Eating disorders are destructive and complex

It’s a myth that eating disorders only affect young people (and girls). While the average age of onset is 13 – 24yrs, a person can develop the disorder at any age.

Often mistaken as ‘diets gone wrong’, an eating disorder is not really about food or weight. It is an extremely complex and destructive mental illness that affects every aspect of a person’s functioning – how they behave, how they eat, how they think, their physical well being, and at its core, how the person feels.

Although to the outside world the focus seems to be on food and weight, for the person those are a way to express and manage underlying distress and turmoil.

Simply put, an eating disorder is a destructive coping mechanism to manage daily life. That’s why it is so hard for a person to change.

Everybody has coping mechanisms and most aren’t good for us, like excess alcohol, smoking, having too much coffee.

If someone tells you to stop, naturally we get defensive. It’s no different for someone with an eating disorder. Resistance to change is normal.

When a person develops an eating disorder the whole family is affected – no matter what age the person is.

People often describe the eating disorder invading their house, taking it over, and ‘ruling the roost’ so to speak.

Parents in particular struggle to know what to do and describe it as ‘walking on eggshells’.

Feeding their child is something they have done since birth and suddenly they lose confidence in their ability. Their child (no matter what age) no longer thinks logically about how to nourish themselves. Their child is now being controlled by this destructive disorder.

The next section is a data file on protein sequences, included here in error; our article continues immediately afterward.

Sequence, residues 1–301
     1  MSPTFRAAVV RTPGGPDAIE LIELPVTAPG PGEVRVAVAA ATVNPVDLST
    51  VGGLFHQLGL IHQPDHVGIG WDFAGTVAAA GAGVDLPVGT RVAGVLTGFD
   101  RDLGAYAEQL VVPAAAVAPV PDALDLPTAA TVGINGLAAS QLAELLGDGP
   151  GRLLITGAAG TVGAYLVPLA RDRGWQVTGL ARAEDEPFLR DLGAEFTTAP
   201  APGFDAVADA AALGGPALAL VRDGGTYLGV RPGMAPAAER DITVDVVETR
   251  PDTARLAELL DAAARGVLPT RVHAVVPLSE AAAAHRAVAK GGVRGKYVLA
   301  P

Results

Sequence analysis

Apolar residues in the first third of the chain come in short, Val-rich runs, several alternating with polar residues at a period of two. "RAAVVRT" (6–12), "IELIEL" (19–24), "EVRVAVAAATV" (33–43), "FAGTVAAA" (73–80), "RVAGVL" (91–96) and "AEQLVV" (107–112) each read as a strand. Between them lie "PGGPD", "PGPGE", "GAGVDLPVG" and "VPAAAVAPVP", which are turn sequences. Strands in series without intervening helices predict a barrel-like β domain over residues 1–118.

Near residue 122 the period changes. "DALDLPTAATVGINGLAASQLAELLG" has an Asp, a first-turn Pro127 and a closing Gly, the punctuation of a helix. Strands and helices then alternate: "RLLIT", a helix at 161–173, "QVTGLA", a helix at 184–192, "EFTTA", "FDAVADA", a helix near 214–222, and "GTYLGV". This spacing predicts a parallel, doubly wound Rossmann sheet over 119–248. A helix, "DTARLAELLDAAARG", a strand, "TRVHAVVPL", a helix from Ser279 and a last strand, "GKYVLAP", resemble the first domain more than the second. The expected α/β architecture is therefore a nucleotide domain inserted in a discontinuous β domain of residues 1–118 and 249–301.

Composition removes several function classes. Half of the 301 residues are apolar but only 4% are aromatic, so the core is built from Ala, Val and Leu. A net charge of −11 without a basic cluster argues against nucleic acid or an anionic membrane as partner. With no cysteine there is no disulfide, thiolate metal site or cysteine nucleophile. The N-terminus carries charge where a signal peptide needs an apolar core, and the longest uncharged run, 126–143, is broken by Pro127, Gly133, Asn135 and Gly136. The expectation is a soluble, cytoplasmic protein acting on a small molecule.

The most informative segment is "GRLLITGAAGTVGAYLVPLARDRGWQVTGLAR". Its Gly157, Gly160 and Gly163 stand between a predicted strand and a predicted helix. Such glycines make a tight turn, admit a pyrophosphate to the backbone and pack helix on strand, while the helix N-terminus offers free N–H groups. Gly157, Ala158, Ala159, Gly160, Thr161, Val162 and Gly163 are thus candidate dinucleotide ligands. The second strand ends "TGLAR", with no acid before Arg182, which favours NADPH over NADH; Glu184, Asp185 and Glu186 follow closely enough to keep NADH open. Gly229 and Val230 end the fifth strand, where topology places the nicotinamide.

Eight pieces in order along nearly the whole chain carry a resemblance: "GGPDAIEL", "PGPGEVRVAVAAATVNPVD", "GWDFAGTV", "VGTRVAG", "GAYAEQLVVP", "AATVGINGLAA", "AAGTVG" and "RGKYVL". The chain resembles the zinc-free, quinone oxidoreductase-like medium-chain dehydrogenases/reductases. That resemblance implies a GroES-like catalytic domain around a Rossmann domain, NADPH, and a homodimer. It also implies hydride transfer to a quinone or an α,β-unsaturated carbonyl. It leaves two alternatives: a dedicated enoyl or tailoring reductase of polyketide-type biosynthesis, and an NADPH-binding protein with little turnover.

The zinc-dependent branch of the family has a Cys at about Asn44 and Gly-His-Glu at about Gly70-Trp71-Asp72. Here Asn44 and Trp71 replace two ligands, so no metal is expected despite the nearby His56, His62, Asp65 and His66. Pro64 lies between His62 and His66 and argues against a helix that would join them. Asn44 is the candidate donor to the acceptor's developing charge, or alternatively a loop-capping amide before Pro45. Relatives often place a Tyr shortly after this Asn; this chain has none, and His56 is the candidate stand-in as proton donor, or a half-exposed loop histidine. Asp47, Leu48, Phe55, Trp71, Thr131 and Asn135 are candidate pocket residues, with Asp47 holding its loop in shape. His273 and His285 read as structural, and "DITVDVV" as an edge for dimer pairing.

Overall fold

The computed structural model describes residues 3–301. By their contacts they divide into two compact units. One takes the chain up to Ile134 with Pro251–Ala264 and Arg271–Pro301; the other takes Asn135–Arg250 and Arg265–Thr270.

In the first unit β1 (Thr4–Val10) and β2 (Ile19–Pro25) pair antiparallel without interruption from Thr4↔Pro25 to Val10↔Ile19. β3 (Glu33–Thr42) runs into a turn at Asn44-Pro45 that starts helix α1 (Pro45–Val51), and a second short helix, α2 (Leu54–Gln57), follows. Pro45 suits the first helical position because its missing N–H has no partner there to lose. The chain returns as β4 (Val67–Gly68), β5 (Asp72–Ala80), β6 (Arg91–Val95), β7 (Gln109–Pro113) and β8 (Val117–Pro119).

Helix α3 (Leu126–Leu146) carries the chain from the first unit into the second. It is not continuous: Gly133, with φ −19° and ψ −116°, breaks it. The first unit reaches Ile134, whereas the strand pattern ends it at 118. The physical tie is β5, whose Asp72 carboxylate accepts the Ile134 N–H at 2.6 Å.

Families, and especially parents need support to cope.

They can quickly move from being a parent to being a carer, dealing with a person who is ill with a disorder that is complex, life threatening and irrational.

Parents need knowledge, information, skills and support to build resilience to support their loved one to recovery.

It is absolutely possible to recover from an eating disorder. Parents often play a vital part.

Supporting families is at the heart of Bodywhys, The Eating Disorders Association of Ireland’s work since 1995.

They developed a family support programme – the PiLaR Programme. On one evening a week for four weeks, families meet to learn about eating disorders, about the mindset of a person with a disorder, communication skills, how to avoid arguments and power struggles, how to manage mealtimes, treatment and relapse, all the while being supported.

The programme is free and anyone supporting a person with an eating disorder can attend.

Starting in September Bodywhys is running three programmes before Christmas, in Donegal, Dublin and Waterford. Booking is essential, email niamh@bodywhys.ie. See www.bodywhys.ie.

You should try to attend if you are caring or living with someone with an eating disorder. It is a huge help to understand and accept that the person has an eating disorder.

A course like this should be compulsory. When referral is made to CAMHS, this course should be offered during the waiting time. It empowers, informs and helps parents.

For those faced with caring for someone with an eating disorder, it is the perfect place to start. You will leave with a different perspective and feel more equipped to care for someone and yourself.